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Can we please stop talking about Bradley Cooper’s nose?

Twitter is up in arms over the actor wearing a prosthetic nose to play Leonard Bernstein in Maestro

Bradley Cooper, a non-Jewish actor, is playing Leonard Bernstein — a decidedly Jewish figure — in the forthcoming film Maestro. He wears a prosthetic nose while doing so.

After Netflix released fresh promotional photos of the actor in this role, some folks on Twitter were not pleased. They accused the actor of antisemitism, of Jewface, of stereotyping, and even of making the famously hot Bernstein less hot.

Is this the latest case of Hollywood antisemitism, or of much ado about nothing?

The Forward’s opinion editor, Laura E. Adkins, and deputy opinion editor, Nora Berman, discuss.

Laura E. Adkins: I’ve read dozens of takes at this point on the whole situation, and I just don’t see a there there. Does the nose look a little bit weird? Perhaps. But is it antisemitic?

Bernstein’s own daughters put out a statement defending Cooper’s portrayal of their father. Steven Spielberg, the Jewiest of Jews, co-produced this film. And Sarah Silverman, who popularized the term “Jewface” to describe non-Jewish actors cast in Jewish roles, ironically will play Bernstein’s sister in the movie.

So what am I missing, Nora? Or are people making something out of nothing?

Nora Berman: In my mind, there are two issues here. One is the issue of non-Jews playing Jews on screen. The other is the appropriateness (and authenticity) of Bradley Cooper’s prosthetic nose.

From what I’ve seen, it seems like the people most upset right now were initially upset by the casting of a non-Jewish actor. Then the prosthetic nose sent them over the edge.

From a purely creative perspective: The prosthetic nose doesn’t look anything like Bernstein’s real nose. So on the makeup front, I personally don’t think this is an accurate resemblance to the real Bernstein.

Adkins: My first reaction to seeing tweets about the nose — and every gripe about actors playing people who are not the sorts of people they are not in real life — was, “oh my god can we please stop talking about this already?!”

There are very real problems facing the Jewish people. Israel’s democracy is on the verge of collapse. Hate speech is out of control on social media. Synagogues are being swatted. And we’re talking about a nose?! In a movie?! A movie that celebrates the life of a very Jewish Jew?!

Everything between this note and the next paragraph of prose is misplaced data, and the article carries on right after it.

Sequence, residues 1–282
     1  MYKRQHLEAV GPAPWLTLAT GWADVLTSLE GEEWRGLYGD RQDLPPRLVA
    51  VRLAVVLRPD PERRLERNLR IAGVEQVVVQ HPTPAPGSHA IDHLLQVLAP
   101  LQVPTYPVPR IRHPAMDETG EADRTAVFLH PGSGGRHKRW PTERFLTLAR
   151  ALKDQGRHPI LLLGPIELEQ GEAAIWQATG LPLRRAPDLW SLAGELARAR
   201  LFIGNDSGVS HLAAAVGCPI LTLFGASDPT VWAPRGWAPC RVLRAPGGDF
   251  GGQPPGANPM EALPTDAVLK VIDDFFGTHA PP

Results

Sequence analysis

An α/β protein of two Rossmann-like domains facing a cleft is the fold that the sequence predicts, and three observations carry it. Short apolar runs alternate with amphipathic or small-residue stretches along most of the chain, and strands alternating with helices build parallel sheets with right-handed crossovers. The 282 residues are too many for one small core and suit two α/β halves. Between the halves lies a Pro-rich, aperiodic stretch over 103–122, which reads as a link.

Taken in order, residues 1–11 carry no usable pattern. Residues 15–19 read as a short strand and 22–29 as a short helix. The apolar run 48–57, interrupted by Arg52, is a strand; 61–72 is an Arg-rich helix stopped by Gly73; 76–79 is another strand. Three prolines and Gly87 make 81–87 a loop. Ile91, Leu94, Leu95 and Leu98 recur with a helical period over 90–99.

I mean, come on. Let’s be serious.

Berman: Ultimately, the approval of Bernstein’s family is really important. I’m glad they’re not bothered. It’s also good that this film had at least one Jewish producer.

But, with all due respect to Steven Spielberg, he is not the sole arbiter of appropriate Jewish representation in Hollywood. He also got a significant amount of flack for casting Michelle Williams, a non-Jewish actress, as his mother in The Fabelmans, his semi-autobiographical, Oscar-nominated film. Acclaimed directors can make mistakes, too. And I do think that whoever created and approved this prosthetic … did not nail it.

I do believe that any actor can play any role. However, in terms of casting on Hollywood level, in terms of representation, I believe that the identity of the actor should play a role in the casting when it’s appropriate. It’s not a straightforward issue.

Adkins: Some folks online also claimed that Cooper “basically stole” the movie from Jewish actor Jake Gyllenhaal? Does that matter?

Berman: It’s certainly a massive bummer, to say the least.

I don’t think Cooper had a nefarious scheme to take a Jewish story away from a Jewish actor — it’s Hollywood. This stuff happens.

Do I wish that Cooper, in his role as executive producer, had considered how much more meaningful this film could have been with Gyllenhaal, and maybe let this one slide? Yes.

We’ll never know what Gyllenhaal would have done with the material.

Adkins: Great. Now can we please never talk about Cooper’s nose ever again?

Berman: Gladly.

Readers, what do you think? Email us.

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